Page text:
LIFE&STYLE

How healthy lungs can bring longevity

By Claire Lee

Dr. Seo Hyo-seok shares his vision of the future of Korean traditional medicine

  • Published : Oct 9, 2014 - 19:39
  • Updated : Oct 9, 2014 - 19:39
The name of Korean traditional medicine doctor Seo Hyo-seok’s clinic, Pyunkang Korean Medicine Hospital, has a special meaning.

The word ― Pyunkang ― in fact reflects the doctor’s philosophy and vision for Korean medicine. “Pyun” means tonsils, and “kang” means wellness. Together, the words means “tonsils at ease” or “healthy tonsils.”

Seo, who has been researching lung-related diseases for the past 41 years, believes that healthy tonsils make for healthy lungs, and healthy lungs bring longevity.

The 69-year-old is currently in the U.S. for a weeklong visit to promote Korean traditional medicine, as well as his unique treatment that focuses on strengthening the lungs ― which ultimately improves chronic conditions such as asthma, atopic dermatitis and choric obstructive pulmonary disease.

“(In Korean traditional medicine) it is believed that the very basic energy which operates the human body is generated in the lungs,” the doctor said prior to his departure to the U.S. at his clinic in southern Seoul.

“The lungs are the organs that let us interact with nature and its energy, and a lot of diseases are caused by not keeping (your lungs) healthy.”

One of Seo’s best-known accomplishments is the invention of Pyunkangtang, a Korean herbal medicine made of liquid distilled from some 10 natural medicinal ingredients. The medicine is meant to strengthen the lungs and improve the body’s ability to use oxygen.

According to Seo, chronic diseases such as rhinitis, asthma and atopic dermatitis can be treated by improving one’s lung functions. 
Dr. Seo Hyo-seok, who runs Pyunkang Korean Medicine Hospital, speaks about his method of treating patients.

Seo claims that some 123,000 patients with atopic dermatitis, rhinitis or asthma have been completely cured after being treated by him, and some 32,000 individuals with lung-related diseases, including pulmonary emphysema, pulmonary fibrosis and bronchiectasis, have benefited from taking Pyunkangtang.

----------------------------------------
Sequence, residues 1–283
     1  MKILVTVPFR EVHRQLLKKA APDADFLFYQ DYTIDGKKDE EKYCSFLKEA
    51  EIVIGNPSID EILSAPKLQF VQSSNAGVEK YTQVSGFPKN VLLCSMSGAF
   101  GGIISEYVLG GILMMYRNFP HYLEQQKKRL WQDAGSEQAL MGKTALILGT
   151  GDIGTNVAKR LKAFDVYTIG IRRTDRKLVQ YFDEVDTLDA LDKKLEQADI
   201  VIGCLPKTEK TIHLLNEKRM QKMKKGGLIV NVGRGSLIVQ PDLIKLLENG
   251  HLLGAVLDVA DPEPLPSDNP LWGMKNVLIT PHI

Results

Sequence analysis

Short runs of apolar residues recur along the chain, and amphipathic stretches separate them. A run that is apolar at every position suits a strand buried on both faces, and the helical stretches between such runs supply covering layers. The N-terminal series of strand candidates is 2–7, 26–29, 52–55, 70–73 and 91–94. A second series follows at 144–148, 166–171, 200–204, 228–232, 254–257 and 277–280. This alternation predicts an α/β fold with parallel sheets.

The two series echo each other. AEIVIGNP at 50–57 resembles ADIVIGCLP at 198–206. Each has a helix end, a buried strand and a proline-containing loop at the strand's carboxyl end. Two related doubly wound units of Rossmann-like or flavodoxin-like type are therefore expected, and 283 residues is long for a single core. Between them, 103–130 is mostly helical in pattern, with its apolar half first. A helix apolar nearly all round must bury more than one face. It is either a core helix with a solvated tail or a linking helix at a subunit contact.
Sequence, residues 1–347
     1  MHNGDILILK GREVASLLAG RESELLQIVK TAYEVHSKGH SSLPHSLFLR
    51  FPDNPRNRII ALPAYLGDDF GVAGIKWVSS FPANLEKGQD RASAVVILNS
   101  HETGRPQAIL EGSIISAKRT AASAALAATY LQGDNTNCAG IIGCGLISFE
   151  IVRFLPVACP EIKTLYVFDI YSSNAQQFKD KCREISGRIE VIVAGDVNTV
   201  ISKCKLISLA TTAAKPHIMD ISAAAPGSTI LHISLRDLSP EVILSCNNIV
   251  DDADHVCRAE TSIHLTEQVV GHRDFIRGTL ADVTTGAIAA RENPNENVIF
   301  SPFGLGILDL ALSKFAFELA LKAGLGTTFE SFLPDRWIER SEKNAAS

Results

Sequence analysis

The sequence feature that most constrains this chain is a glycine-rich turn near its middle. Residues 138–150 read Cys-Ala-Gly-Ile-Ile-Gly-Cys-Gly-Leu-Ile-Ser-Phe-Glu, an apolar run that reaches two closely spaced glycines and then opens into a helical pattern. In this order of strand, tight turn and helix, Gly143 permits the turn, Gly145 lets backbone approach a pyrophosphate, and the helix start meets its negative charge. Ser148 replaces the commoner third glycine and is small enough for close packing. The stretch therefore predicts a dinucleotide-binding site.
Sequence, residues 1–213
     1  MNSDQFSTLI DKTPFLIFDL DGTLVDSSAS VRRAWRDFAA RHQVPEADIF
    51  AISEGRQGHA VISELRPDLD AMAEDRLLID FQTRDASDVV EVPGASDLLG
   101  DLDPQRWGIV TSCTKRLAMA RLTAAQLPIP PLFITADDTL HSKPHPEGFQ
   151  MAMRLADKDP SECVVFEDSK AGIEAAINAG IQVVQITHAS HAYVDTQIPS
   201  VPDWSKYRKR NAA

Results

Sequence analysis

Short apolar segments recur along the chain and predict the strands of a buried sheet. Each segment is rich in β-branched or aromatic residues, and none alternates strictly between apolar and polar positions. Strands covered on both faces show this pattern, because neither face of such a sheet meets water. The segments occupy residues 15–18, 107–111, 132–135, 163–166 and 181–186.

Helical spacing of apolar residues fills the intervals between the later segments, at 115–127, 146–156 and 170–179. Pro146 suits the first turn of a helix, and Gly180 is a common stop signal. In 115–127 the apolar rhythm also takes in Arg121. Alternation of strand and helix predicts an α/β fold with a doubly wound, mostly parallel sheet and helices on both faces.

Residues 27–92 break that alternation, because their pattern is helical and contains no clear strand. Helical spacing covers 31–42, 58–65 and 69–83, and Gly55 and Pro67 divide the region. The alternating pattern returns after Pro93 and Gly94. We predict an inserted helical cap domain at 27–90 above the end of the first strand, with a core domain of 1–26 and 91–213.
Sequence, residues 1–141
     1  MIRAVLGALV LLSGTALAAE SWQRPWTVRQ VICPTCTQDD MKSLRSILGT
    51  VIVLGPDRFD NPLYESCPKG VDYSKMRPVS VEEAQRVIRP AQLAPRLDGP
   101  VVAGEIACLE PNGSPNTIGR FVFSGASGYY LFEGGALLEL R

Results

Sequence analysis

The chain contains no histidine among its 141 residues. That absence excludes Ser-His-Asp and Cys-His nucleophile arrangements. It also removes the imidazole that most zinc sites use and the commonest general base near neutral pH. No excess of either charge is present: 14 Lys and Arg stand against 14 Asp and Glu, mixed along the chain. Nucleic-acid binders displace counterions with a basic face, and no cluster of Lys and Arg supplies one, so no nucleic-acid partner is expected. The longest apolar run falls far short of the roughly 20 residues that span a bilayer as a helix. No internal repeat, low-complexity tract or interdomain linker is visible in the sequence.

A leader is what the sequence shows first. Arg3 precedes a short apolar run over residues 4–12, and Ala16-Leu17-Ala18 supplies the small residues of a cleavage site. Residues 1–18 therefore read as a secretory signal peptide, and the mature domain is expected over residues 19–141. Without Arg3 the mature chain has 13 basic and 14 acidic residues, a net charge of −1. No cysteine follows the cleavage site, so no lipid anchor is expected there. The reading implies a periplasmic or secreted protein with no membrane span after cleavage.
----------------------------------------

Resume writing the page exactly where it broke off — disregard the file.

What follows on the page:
Pulmonary fibrosis is a respiratory disease in which scars are formed in the lung tissues, while pulmonary emphysema is a condition in which air sacs in the lungs are filled up with air, making it hard for patients to catch their breath.

Bronchiectasis, on the other hand, is a disease involving permanent enlargement of parts of the airways of the lungs. Symptoms include coughing up blood and shortness of breath.

“Those who were in the fatal stages of lung and biliary tract cancers also expanded their life span by some six months after taking Pyunkangtang,” Seo argued.

Seo’s current goal is to promote his treatment method as well as the importance of lung health to the world, so more people can benefit. Korea’s traditional medicine can be a great alternative option, especially for patients who suffer from COPD, which typically worsens over time.

“I am certain that these (chronic) conditions are not at all incurable, but in fact actually very easily curable,” he said.

On Monday, the first installment of Seo’s nine-part advertisement was published in The New York Times. He will be advertising in the American newspaper every Monday for the next eight weeks, with each installment dealing with different issues including side effects of steroids, COPD and other lung-related diseases including asthma and allergies, and how they can be cured using Korean traditional medicine.

During his ongoing visit to New York, he is scheduled to attend the U.S. East Coast Korean Thanksgiving Festival, one of the largest Korean-American festivals, to give a lecture about Korean medicine. He is also to give a special lecture on health for Chinese attendees, while providing free health consultations as well. The festival runs from Friday to Sunday.

Seo’s ultimate goal as a doctor is to increase the maximum human lifespan by 30 years, both through his treatment method and through promoting the importance of lung health worldwide.

“I am thinking of this as the beginning of a 10-year project,” Seo said about the New York Times advertisement.

“Some may think this is a rather reckless try, but if someone in the U.S. who suffers from a lung-related disease sees the ad and gets his or her healthy life back, nothing can be more rewarding. I am trying to let more people around the world (who have this particular chronic illness) know that there is hope.”

By Claire Lee (dyc@heraldcorp.com)